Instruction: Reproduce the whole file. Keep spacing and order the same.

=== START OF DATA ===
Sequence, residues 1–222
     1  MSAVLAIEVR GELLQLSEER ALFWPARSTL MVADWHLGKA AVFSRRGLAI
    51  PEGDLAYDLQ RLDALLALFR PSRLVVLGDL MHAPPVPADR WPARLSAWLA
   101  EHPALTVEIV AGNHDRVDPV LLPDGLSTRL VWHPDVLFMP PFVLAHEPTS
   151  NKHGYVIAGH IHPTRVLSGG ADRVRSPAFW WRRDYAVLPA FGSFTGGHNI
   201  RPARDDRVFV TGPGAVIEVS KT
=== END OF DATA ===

Sequence, residues 1–222
     1  MSAVLAIEVR GELLQLSEER ALFWPARSTL MVADWHLGKA AVFSRRGLAI
    51  PEGDLAYDLQ RLDALLALFR PSRLVVLGDL MHAPPVPADR WPARLSAWLA
   101  EHPALTVEIV AGNHDRVDPV LLPDGLSTRL VWHPDVLFMP PFVLAHEPTS
   151  NKHGYVIAGH IHPTRVLSGG ADRVRSPAFW WRRDYAVLPA FGSFTGGHNI
   201  RPARDDRVFV TGPGAVIEVS KT